Article published: Tuesday, December 18th 2012
Cuts have left Manchester City Council struggling to plug a £5.8 million overspend in its Adults Services budget as needs rise across the city.
Costs are surging due to a rise in the number of people who need care for learning disabilities, a report to town hall chiefs has revealed. The number of people who require mental health care support shot up over the last year by 35 per cent.
The increasing need means the Adults, Health and Wellbeing directorate expects to fall £5,791m short of its cuts target, although it is still on track to implement £13.9m in cuts by the end of the 2012/13 financial year.
Overall the council is attempting to meet a £170m cuts target as a result of major government attacks on local authority funding and estimates it will end this financial year in March 2013 with a £921,000 overspend.
More cuts of up to £80 million are expected over the next two years, with the loss of between 700 and 900 more jobs. Whitehall will announce the outcome of its next local government finance settlement tomorrow, 19 December.
A council spokesperson told Mule that the overspend would be managed through a mixture of digging into reserve funds and “additional funding to reflect rising demographics”.
Manchester Mental Health and Social Care Trust, a partnership between the council and the NHS which is the main provider of the council’s mental health services alongside commissioned voluntary groups, has encountered protest from unions and user groups against its attempts to cut £28 million over the next five years and scrap 38 front-line posts.
Vice-chair of patients’ group Manchester Users Network Alan Hartman claimed that the impact of cuts on mental health care had been “dreadful”, with care support time cut short, no more open wards available in the city and services in North Manchester difficult to access by telephone during the day.
“People are becoming more ill and need more support”, said Hartman, who argued that the government’s controversial incapacity assessments were heaping pressure on people with mental illnesses. “A lot of people wouldn’t be there if it wasn’t for that organisation called Atos. People get assessed as fit for work and then crack”.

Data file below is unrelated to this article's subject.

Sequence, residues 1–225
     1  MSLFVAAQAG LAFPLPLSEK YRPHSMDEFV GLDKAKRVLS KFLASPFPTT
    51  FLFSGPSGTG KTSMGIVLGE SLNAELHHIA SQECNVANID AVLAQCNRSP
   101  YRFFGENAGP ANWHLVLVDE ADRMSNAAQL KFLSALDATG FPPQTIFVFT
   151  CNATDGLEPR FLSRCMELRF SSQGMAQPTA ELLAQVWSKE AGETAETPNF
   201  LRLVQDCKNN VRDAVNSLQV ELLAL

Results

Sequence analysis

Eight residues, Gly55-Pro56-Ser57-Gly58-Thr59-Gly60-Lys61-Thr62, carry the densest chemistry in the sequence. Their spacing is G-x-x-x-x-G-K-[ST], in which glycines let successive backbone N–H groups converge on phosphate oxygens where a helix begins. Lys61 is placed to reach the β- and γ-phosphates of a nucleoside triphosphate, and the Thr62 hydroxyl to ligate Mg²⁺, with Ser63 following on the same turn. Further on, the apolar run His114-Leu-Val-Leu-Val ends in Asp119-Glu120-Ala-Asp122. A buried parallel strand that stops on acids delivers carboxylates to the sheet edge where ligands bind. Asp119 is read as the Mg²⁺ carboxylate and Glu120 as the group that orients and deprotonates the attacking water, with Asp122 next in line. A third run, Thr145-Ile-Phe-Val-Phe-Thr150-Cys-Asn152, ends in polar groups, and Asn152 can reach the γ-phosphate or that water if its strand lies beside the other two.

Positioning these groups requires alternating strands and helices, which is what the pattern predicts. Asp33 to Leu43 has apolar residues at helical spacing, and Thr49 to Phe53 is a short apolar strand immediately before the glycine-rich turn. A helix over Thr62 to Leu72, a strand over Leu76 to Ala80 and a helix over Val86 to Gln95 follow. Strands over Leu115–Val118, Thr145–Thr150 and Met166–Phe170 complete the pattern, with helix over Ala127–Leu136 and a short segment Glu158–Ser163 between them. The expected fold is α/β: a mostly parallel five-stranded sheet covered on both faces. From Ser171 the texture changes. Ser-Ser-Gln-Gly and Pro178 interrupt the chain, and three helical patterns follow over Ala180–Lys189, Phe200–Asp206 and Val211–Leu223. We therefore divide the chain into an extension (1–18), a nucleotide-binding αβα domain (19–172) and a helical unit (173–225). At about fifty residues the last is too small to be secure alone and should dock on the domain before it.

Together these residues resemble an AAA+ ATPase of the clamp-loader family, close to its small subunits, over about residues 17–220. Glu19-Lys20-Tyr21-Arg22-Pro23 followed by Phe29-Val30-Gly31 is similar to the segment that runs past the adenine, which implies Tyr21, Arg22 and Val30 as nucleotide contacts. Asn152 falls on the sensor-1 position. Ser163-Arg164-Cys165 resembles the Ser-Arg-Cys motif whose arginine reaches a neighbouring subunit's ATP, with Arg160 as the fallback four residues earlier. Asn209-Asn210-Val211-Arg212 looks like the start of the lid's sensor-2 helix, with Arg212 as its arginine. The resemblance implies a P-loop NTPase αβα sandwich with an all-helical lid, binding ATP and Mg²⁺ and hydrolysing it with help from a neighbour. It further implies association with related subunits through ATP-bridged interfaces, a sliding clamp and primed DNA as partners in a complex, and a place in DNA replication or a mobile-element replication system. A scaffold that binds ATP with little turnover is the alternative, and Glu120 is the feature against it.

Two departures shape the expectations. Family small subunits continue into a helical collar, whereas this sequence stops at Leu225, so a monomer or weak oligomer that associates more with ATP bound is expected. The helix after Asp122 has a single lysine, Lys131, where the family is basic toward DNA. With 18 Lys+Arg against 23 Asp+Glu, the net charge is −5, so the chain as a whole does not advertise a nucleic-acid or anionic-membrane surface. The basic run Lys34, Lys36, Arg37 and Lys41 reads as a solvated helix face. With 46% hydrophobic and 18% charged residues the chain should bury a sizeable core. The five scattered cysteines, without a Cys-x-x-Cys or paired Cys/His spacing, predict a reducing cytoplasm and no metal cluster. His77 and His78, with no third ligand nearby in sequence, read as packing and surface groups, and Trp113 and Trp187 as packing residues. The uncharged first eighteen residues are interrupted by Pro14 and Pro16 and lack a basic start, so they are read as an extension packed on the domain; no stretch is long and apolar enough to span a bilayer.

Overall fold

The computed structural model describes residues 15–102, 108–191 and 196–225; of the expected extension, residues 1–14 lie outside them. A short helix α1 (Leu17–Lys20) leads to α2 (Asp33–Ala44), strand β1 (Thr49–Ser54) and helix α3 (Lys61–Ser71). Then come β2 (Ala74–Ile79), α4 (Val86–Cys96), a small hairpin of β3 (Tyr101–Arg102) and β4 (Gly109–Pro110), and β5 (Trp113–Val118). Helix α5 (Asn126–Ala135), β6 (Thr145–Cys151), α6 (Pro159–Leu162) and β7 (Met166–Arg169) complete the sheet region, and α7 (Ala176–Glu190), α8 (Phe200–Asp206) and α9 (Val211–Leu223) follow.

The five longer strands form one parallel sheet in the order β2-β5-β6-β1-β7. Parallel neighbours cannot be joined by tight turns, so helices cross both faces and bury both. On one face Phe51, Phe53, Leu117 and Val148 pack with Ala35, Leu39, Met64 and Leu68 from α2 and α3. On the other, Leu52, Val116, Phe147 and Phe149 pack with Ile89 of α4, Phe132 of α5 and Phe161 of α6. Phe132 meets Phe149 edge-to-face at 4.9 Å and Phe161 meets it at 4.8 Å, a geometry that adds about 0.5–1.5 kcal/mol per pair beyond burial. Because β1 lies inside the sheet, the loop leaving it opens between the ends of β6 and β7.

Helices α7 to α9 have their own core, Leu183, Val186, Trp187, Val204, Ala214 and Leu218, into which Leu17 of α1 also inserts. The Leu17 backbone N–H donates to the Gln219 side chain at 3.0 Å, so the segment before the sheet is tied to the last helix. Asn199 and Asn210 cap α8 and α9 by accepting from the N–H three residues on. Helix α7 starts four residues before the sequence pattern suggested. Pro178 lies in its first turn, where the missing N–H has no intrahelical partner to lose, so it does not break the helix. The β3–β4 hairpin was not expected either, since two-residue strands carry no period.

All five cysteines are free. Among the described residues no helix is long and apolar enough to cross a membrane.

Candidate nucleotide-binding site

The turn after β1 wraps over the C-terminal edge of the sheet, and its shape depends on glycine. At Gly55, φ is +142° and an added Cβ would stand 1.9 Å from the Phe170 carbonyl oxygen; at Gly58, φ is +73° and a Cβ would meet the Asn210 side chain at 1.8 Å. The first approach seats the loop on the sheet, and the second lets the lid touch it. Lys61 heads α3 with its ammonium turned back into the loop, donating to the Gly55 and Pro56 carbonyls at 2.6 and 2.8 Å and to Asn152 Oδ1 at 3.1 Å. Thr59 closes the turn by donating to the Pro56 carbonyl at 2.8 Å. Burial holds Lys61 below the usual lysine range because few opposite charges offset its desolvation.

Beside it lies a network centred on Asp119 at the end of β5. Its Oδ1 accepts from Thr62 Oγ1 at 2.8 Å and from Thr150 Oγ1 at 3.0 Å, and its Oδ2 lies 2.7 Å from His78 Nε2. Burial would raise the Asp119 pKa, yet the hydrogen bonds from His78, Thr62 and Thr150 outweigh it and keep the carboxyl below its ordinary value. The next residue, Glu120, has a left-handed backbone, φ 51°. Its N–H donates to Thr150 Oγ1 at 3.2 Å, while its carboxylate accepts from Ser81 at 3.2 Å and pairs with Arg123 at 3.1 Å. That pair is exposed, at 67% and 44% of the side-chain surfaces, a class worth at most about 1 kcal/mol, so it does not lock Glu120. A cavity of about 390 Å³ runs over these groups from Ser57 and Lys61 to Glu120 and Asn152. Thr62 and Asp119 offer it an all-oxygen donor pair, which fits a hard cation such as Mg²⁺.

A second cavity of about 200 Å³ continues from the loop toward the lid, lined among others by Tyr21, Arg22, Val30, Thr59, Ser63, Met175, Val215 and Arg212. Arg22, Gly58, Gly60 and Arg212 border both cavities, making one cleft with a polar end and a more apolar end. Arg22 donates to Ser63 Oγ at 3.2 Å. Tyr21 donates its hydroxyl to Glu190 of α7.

New “Fairer Charging” policies for adult services have also landed 4,449 people using social care with an average bill increase of £2,132 per year in a bid to save the town hall £1.8 million according to a report to councillors last March.
The council is also attempting to save £9.3 million through redefining its social care offer and expanding the use of “Reablement” whereby clients, including the elderly, are provided with short term intensive support in an attempt to reduce requirements for long term care in the future.
Free supplies of care equipment worth under £25 to non-Reablement clients have already ended, transport charges have been hiked from 40p to £1.40 and the council’s hot meals service has been scrapped.
Officers hope to push down costs by £600,000 next year through reassessments of clients through their revised care offer and say they will continue to “deflect need via the redefined offer and defer need via reablement”, though they add that their budget “remains under severe pressure”.
“It’s a false economy”
Executive Member for Adults, Health and Well Being Councillor Glynn Evans warned that more cuts could be considered, although the council wished to make use of preventative services to reduce demand. “The council is facing some tough decisions in light of the anticipated budget settlement”, he said.
“All areas of the council’s budget are currently being considered and the focus is on making efficiencies, doing things differently, management and back office costs.
“Current demand levels for services, population growth and predicted future demand are being taken into account. The City Council’s strategy is to invest in prevention and early help and continuing to protect vulnerable adults.”
A council spokesperson also said that welfare advice and benefit support was available to people struggling with the higher charges through the city’s Community Legal Advice Service, alongside other agencies which receive some funding from the local authority.
Hartman warned that people had been hit hard by the charge increases, arguing that people with mental illnesses often found it difficult to navigate their finances. “When you’ve got a mental illness you’re in a no-man’s land” he said, adding that he knew one woman who had fallen into £10,000 debt due to the charges.
“It’s a false economy”, he claimed, arguing that the changes would lead to greater need for care in the long term. “They’ll need to spend money to deal with the costs”.